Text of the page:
Confidence in India, hit in recent years by high inflation and a current account deficit, is returning, heralding better times ahead for Asia's third-largest economy, the country's tech industry leaders have told CNBC.
"The biggest thing about India is that in the last couple of years we had lost hope," Wipro CEO T.K. Kurien said Wednesday on the sidelines of the World Economic Forum in the Swiss ski resort of Davos.
"We had lost hope that anything would happen in India but that hope has come back and that is a huge positive," he added.
In its latest projects for world economic growth, the International Monetary Fund on Tuesday forecast India's economy would grow 6.3 percent this year. It expects that number to climb to 6.5 percent in 2016, overtaking economic growth in China which is forecast at 6.3 percent.
Reasons for the renewed optimism in India, one of the hardest hit emerging markets when fears about an unwinding of U.S. monetary stimulus gripped investors in 2013, are not difficult to find.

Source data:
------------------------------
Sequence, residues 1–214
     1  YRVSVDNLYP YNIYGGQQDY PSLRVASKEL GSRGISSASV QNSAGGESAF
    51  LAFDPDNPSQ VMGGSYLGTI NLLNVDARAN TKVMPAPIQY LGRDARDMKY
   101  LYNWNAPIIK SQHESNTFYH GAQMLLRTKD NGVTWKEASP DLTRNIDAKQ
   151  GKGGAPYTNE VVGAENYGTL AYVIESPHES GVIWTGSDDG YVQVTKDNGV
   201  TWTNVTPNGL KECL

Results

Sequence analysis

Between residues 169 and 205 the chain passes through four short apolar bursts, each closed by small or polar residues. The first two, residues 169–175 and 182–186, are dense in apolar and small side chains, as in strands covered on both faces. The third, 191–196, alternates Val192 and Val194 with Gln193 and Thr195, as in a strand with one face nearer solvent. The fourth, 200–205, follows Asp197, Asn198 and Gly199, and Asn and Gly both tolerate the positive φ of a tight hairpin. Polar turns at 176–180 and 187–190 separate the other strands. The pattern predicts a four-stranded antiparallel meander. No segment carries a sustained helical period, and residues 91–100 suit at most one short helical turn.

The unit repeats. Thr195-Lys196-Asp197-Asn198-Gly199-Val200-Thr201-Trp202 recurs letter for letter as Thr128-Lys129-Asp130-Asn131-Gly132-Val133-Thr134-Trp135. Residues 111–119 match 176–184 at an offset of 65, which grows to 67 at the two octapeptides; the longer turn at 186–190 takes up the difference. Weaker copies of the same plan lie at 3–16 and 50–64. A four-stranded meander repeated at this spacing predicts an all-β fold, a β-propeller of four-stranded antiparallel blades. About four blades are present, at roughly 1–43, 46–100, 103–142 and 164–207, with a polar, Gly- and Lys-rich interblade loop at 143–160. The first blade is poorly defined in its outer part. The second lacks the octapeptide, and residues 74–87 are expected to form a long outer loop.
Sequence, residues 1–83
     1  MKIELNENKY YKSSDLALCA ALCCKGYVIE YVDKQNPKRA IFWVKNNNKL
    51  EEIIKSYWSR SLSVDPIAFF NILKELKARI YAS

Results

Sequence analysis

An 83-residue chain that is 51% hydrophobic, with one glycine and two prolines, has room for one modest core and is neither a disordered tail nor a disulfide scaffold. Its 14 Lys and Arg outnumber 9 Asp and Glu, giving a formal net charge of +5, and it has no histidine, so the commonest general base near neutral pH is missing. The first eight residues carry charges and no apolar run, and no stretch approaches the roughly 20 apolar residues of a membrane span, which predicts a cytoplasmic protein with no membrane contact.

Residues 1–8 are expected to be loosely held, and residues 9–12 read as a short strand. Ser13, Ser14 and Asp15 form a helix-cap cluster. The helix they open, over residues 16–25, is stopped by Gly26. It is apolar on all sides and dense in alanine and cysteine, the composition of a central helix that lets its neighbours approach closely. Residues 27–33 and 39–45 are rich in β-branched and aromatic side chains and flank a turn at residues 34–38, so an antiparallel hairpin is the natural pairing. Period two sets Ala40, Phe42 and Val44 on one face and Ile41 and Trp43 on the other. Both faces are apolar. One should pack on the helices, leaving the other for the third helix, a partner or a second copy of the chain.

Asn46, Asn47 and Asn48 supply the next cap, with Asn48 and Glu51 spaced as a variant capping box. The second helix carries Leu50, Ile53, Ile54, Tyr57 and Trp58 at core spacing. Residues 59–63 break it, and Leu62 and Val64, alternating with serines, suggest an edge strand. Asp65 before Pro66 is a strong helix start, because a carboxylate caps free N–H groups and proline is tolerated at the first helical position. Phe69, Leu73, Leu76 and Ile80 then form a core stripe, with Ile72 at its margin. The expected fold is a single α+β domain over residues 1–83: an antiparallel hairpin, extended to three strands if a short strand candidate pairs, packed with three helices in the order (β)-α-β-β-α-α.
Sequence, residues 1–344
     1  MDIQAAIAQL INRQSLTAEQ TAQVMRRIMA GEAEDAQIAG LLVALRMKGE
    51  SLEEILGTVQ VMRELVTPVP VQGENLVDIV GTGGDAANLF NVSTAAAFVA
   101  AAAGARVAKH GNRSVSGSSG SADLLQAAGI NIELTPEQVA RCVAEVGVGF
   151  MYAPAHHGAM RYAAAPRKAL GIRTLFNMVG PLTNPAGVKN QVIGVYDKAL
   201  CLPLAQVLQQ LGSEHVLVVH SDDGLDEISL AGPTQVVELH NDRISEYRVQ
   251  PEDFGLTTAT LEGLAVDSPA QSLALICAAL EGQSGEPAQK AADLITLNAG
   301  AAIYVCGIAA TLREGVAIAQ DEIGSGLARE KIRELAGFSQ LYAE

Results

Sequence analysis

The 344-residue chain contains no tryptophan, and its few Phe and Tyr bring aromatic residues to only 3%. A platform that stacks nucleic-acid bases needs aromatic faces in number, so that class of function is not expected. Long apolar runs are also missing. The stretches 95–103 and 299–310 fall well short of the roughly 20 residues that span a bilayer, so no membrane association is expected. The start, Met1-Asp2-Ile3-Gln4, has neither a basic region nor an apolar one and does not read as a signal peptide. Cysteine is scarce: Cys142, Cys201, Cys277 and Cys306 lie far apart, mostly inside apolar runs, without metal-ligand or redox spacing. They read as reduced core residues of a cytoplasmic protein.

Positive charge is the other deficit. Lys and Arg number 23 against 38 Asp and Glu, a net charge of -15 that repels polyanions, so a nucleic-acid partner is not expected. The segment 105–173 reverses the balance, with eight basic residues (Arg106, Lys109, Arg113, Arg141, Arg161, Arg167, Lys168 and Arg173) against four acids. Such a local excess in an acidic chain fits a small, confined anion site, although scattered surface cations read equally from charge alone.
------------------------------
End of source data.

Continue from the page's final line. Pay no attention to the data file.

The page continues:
Inflation has slowed, helped by the tumble in oil prices, India's central bank last week delivered a growth-boosting cut in interest rates, while Prime Minister Narendra Modi has unveiled steps to lift investment in infrastructure and manufacturing since coming to power in elections last May.
"What happens is that sentiment drives a huge bunch of things – consumer behavior and investment spending. We are seeing both come back," Kurien said. "My sense is that it will take a little time, the next couple of quarters for the economy to come back up, but the steps that Modi is taking to address long-term structural issues in the economy are positive."
Last week's rate cut followed official data showing wholesale price inflation in December rose 0.11 percent from the year-ago period, much lower than the 0.6 percent rise forecast by economists, as oil prices plunged and food costs stabilized.
Reflecting optimism towards India's economy, the country's benchmark stock index has risen 38 percent over the past year and has started 2015 with gains of about 5 percent so far.
Asked whether he shared the bullishness on India's economy, Vishal Sikka, the new CEO of Indian tech firm Infosys, added there was a "tremendous enthusiasm."
"I was in India last week and went to all our delivery centres at Infosys and there is a positive energy, also across India, and it's only inevitable that leads to better results," he told CNBC in Davos.
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